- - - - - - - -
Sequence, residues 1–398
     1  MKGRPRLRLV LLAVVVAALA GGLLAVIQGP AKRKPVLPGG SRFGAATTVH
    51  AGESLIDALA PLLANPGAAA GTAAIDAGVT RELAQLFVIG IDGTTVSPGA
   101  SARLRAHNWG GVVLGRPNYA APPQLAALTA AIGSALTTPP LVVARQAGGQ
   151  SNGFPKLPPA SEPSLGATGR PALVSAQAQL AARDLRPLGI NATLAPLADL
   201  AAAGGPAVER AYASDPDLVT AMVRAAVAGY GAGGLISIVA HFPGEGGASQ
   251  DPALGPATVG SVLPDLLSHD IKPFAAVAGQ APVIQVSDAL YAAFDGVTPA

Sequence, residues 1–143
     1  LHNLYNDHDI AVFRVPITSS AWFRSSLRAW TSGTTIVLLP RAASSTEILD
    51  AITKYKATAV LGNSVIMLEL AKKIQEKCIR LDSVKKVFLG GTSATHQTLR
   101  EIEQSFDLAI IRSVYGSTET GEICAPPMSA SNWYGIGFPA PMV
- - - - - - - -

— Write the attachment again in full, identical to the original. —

Sequence, residues 1–398
     1  MKGRPRLRLV LLAVVVAALA GGLLAVIQGP AKRKPVLPGG SRFGAATTVH
    51  AGESLIDALA PLLANPGAAA GTAAIDAGVT RELAQLFVIG IDGTTVSPGA
   101  SARLRAHNWG GVVLGRPNYA APPQLAALTA AIGSALTTPP LVVARQAGGQ
   151  SNGFPKLPPA SEPSLGATGR PALVSAQAQL AARDLRPLGI NATLAPLADL
   201  AAAGGPAVER AYASDPDLVT AMVRAAVAGY GAGGLISIVA HFPGEGGASQ
   251  DPALGPATVG SVLPDLLSHD IKPFAAVAGQ APVIQVSDAL YAAFDGVTPA

Sequence, residues 1–143
     1  LHNLYNDHDI AVFRVPITSS AWFRSSLRAW TSGTTIVLLP RAASSTEILD
    51  AITKYKATAV LGNSVIMLEL AKKIQEKCIR LDSVKKVFLG GTSATHQTLR
   101  EIEQSFDLAI IRSVYGSTET GEICAPPMSA SNWYGIGFPA PMV